Karalee’s Post #3 – I try not to giggle whenever I think about someone eavesdropping in on one of our group’s critique sessions. Without a doubt the listener would think we were delusional. We talk about our characters as though they are thinking, emotional human beings (or aliens) with strong motivations and flaws that make them do what they do in the heat of conflict.
And in our minds our characters are doing all of that and more. Are we delusional? Should the eavesdropper commit us to the local psych ward?
Oh, and we drink coffee and eat sandwiches as we muse about our protagonists finding dead bodies or shooting the bad guys. And we get excited brainstorming about how our villains can commit the murder, steal the treasure, break up families or business relationships, or bring down the world.
Then there’s our protagonist’s sidekick: an opposite either to help or hinder, but always there on the quest wherever it takes them. Of course a bit of romance never hurt a plot whether it’s the protagonist’s love interest or a murder/kidnapping committed because love was thwarted or betrayed.
We all have different plots and characters and it amuses me how we talk as though all our fictional people have real feelings and bleed real blood. But all told, our characters have a common denominator (in keeping with Silk’s arithmetic usage) and that is, they all MUST ring true and unique.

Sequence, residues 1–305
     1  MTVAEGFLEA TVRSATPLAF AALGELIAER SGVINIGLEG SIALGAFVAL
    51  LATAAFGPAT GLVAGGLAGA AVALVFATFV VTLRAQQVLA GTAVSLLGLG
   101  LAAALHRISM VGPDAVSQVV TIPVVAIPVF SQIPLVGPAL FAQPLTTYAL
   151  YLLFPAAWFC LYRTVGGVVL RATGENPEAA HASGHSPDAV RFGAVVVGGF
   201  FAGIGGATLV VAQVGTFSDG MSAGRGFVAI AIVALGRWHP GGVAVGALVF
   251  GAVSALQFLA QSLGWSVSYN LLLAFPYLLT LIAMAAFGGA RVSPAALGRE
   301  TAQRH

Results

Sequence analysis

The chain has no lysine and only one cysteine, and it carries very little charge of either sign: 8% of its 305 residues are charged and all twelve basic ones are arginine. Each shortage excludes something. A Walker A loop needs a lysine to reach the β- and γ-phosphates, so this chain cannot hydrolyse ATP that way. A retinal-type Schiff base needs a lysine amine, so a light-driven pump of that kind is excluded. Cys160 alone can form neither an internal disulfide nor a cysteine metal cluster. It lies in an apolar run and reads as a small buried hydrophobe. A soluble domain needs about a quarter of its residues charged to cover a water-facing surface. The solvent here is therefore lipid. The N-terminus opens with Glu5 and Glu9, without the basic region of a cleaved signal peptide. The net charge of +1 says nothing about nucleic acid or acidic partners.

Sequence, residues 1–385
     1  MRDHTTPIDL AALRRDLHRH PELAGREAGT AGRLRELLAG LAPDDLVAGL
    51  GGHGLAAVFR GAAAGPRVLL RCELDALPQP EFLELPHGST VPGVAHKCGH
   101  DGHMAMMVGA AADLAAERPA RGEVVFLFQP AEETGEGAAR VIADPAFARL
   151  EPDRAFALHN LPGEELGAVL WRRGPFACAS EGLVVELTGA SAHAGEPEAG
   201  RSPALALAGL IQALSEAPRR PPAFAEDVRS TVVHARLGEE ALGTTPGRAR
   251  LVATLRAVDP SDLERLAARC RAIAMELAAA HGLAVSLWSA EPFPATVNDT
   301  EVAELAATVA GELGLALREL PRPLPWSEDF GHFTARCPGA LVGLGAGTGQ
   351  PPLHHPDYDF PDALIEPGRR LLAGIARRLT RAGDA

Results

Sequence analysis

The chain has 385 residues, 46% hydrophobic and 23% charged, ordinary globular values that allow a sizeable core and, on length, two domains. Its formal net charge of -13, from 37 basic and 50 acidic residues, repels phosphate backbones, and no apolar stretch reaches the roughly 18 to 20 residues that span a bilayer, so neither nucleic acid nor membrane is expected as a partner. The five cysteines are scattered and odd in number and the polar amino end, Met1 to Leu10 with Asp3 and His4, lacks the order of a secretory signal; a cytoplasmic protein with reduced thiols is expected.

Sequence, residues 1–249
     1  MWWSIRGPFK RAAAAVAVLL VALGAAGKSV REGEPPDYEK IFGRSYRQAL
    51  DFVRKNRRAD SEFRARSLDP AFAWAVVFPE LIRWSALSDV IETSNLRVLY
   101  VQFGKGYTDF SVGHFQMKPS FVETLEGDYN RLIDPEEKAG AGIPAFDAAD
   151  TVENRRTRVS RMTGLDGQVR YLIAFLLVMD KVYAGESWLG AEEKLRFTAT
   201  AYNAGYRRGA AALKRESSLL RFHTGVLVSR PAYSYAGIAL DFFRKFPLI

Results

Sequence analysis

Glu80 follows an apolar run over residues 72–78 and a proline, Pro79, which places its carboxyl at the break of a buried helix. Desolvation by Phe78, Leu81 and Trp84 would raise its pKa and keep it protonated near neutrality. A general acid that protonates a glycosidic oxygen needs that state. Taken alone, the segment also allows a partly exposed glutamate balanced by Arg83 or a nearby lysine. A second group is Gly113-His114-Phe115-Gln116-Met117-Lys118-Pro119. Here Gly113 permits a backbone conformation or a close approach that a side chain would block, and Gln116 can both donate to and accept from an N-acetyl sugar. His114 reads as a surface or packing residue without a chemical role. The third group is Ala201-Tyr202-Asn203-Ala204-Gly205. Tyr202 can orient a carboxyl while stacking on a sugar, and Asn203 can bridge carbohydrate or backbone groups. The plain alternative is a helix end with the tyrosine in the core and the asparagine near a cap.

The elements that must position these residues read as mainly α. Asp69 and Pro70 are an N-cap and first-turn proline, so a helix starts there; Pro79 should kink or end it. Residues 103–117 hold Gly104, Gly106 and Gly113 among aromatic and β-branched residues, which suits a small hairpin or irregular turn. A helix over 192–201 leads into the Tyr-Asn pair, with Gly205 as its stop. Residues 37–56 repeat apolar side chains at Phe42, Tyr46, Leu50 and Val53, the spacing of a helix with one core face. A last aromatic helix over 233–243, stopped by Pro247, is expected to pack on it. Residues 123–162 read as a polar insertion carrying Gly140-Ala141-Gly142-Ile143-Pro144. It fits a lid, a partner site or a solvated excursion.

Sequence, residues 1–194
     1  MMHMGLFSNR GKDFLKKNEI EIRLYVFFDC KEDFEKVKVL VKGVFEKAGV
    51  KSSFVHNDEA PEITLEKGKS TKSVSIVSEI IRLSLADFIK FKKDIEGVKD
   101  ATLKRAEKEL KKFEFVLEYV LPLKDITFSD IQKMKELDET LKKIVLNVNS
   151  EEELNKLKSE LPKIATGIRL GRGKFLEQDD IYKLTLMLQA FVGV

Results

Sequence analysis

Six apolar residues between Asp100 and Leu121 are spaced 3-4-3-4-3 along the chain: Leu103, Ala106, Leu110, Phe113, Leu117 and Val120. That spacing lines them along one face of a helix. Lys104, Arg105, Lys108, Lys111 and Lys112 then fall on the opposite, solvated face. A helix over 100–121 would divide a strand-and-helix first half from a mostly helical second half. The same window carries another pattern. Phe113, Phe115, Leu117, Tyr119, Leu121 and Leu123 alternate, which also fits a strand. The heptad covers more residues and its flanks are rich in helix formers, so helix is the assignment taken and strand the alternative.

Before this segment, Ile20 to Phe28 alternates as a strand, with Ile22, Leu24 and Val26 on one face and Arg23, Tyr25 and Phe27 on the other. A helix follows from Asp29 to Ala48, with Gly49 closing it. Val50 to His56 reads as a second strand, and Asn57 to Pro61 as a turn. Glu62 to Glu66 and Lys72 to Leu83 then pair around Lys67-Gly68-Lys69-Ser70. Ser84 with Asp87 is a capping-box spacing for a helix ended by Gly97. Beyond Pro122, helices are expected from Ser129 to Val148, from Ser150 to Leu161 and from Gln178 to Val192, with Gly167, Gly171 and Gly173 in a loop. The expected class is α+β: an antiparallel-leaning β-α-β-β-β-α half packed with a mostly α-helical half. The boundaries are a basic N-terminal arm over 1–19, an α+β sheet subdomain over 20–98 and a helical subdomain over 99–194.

So how do I create my characters?
First I have an idea of where my plotline is going from start to finish. I tend to write the first scene and last scene early on in my writing so I have a place ‘to go to’ in my story. The idea is solid, but I’m not committed to these scenes word-for-word as I know changes will come as my characters tell it like it really is. They take control worse than my mother and keep me up too late and wake me up early as they run with their story. To tell the truth, I’m neither a late-night-person or a break-of-dawn riser, so what my characters have to say MUST be compelling to change my normal rhythm.
Next I start outlining and I wonder what kind of characters would do what needs to be done. That leads to deciding on their ethnic backgrounds and ages, and I start building them from their parents and childhoods up to the present including their experiences that make them who they are and react the way they do. Relatives and friends that have influenced them can explode into pages of details and I could spend weeks on creating their lives, so I do a skeleton of these connections (actually more like bones with some flesh) and add more details as I write the story and learn more about them.
Like I’ve said before, my characters talk to me. My job is to listen and write and be the CEO of my project. It’s the best job don’t you think?
So, if you happen to be eavesdropping at one of our critique sessions or come into my office while I’m having a heated conversation with myself or making faces in a mirror to show the emotions I’m trying to write down, don’t dial 911.
None of us are delusional.